If you do happen to find one for sale in another part of the country, it is already capable of making the trip, without any special measures.

  • Large Motorhomes And RVs Tend To Have Larger Bathrooms

By their very nature, tiny homes are small. One of the places where designers try to save on space is by installing a small bathroom facility. This might be little more than a basic toilet, or composting toilet with a small shower stall.

Whereas an RV can have a bathroom that is comparable with a second bath that you would find in a traditional home. Some Class A motorhomes even have bathrooms or jacuzzi tubs.

  • RVs Tend To Get Better Gas Mileage

As I mentioned earlier, RVs are designed to handle traveling on the road. They have better aerodynamics and suspension which also translates into better gas mileage when you do need to take it from point A to point B.

  • Many RVs Have Better Kitchen Areas

Right after the bathroom, the next place to save space in a tiny home is the kitchen. Many tiny homes seamlessly blend the kitchen and main living room space together.

Most Class A, Class B motorhomes, and fifth wheel campers come with large kitchen spaces, including cupboards, dual basin sinks, large countertops, and some even have dishwashers.

  • Some Large RVs Have Space For A Landry Room

Some Class A, Class B motorhomes, and fifth wheel campers have enough room for a laundry room with a small washing machine and clothes dryer.

Few tiny homes have room for these “Uni-Tasker” appliances. If you have a tiny home, it means you will have to rely on laundromats, which come with their own additional costs.

  • RV Parks And Campgrounds Are Setup To Accommodate RVs

Most quality RV parks and campgrounds are set up specifically to handle RVs and may not have the same hookups that you will want for your tiny house. There are some that even have rules against hosting a tiny house.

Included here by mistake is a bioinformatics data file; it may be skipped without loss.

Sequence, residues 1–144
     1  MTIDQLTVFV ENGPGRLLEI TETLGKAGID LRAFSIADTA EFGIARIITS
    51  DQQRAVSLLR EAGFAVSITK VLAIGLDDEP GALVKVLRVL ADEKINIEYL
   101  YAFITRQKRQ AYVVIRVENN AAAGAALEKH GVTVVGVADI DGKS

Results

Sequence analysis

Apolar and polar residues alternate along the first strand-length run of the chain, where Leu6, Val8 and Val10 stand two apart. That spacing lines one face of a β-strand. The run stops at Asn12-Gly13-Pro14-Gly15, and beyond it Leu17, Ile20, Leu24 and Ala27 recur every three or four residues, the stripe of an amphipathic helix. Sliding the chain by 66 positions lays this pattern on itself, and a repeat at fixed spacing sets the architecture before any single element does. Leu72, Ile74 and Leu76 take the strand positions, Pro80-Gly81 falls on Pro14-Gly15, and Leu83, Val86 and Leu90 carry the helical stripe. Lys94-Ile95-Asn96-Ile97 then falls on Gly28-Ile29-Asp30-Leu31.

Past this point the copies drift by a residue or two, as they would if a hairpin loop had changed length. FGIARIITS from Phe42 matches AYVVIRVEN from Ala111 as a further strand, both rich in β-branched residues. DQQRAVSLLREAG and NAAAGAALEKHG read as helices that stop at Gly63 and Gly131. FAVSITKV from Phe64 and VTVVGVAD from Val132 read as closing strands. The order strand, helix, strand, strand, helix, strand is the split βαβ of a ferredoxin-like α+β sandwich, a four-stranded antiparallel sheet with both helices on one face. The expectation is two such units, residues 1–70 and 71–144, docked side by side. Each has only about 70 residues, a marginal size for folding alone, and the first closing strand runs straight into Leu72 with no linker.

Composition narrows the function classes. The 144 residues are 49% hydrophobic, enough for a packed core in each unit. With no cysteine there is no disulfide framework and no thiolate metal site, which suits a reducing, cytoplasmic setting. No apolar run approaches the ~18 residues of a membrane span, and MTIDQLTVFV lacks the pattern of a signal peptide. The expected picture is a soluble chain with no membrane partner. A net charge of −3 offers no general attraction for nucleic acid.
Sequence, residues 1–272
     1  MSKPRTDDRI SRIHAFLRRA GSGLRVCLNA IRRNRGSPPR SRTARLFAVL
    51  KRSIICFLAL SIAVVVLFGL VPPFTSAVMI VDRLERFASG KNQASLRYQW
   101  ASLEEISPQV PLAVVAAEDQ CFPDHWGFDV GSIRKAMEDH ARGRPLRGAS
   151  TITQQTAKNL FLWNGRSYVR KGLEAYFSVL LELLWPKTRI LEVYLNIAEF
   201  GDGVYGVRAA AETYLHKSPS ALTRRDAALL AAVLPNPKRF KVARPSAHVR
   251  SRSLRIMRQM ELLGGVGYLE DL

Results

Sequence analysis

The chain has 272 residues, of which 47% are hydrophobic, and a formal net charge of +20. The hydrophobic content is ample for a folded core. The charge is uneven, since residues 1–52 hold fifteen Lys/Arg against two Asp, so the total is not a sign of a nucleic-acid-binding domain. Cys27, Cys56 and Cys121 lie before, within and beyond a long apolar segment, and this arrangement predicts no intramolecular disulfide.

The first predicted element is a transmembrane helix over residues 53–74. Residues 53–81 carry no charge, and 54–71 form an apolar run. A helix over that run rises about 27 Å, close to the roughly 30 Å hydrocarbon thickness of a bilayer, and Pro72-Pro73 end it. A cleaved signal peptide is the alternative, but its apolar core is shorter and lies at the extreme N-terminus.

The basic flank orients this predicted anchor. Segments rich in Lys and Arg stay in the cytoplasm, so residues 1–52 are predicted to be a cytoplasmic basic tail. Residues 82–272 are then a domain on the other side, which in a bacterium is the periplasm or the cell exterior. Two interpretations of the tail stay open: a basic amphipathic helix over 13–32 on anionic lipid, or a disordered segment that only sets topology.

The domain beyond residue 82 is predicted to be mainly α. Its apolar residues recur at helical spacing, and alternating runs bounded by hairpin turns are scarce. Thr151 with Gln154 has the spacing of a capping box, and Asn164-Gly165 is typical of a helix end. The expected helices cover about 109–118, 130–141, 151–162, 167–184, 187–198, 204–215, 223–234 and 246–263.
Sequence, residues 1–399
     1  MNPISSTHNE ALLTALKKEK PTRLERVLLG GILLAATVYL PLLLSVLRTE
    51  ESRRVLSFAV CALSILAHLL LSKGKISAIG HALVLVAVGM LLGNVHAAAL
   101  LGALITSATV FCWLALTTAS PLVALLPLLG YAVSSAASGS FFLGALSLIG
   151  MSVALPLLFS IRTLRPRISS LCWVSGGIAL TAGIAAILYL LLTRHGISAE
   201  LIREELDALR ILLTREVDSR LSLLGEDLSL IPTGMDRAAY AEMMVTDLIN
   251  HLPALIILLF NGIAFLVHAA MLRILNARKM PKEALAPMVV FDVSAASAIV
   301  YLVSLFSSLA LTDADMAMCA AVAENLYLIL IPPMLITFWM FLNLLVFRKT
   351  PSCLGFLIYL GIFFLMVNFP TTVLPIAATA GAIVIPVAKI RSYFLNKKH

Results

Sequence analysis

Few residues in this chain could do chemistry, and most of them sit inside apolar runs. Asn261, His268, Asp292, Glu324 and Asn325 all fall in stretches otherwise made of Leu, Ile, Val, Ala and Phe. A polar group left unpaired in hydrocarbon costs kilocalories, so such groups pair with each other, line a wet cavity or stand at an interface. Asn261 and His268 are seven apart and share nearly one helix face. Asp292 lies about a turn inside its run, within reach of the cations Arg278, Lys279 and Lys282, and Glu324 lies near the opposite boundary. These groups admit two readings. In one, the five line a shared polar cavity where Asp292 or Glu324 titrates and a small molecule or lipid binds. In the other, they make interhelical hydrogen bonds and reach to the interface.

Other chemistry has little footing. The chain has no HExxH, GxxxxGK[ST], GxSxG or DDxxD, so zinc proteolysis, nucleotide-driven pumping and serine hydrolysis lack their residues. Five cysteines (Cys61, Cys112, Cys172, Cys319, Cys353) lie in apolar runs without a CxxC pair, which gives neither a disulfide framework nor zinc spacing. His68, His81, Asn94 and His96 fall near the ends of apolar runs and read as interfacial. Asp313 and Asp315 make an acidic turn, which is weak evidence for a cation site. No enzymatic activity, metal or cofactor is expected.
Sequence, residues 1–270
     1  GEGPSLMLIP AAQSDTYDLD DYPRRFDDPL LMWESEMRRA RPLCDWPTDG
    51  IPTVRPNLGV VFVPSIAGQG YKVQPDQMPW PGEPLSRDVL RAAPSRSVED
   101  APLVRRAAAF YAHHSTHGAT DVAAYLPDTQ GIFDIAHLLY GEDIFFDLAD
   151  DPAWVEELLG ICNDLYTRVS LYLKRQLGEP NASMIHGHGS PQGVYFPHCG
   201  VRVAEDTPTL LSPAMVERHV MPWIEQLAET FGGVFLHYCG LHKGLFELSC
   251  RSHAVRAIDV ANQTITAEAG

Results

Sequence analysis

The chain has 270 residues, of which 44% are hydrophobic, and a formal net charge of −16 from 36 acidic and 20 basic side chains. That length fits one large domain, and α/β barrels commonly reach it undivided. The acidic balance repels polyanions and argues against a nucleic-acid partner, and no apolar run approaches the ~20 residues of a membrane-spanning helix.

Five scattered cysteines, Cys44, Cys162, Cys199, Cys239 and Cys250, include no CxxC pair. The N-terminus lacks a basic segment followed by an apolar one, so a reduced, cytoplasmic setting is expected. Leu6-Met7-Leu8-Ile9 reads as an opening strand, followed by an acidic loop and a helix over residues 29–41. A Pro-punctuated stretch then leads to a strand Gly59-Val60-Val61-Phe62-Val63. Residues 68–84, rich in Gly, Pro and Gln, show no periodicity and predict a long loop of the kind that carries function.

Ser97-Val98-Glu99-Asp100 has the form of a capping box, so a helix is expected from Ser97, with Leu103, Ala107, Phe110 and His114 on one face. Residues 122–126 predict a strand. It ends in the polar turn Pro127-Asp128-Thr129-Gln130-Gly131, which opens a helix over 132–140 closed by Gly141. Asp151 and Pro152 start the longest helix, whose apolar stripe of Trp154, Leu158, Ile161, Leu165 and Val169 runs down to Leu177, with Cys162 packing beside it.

• An RV Is Easier To Resell

While there are a fair number of seniors who travel in their retirement, most RVs are purchased by families who use them to take their kids on memory-making adventures. When their children are grown, they often sell the RV to another family or dealership.

This also means that there is a more established market for pre-owned RVs, which makes it easier to accurately assess the price. It also means there is an established marketplace with more interested individuals who want to purchase it.

The concept of a tiny house is so new, that the market is less defined and its harder to find potential buyers for something that is essentially a niche.

The Bottom Line

If you are a tiny house enthusiast, who is looking to stay local while embracing an innovative new way of efficient living, then chances are its hard to talk you out of investing in a tiny home. On the other hand, if you are looking to travel cross country while taking the comforts of home with you, then chances are you can find an RV that will meet your needs for a reasonable price.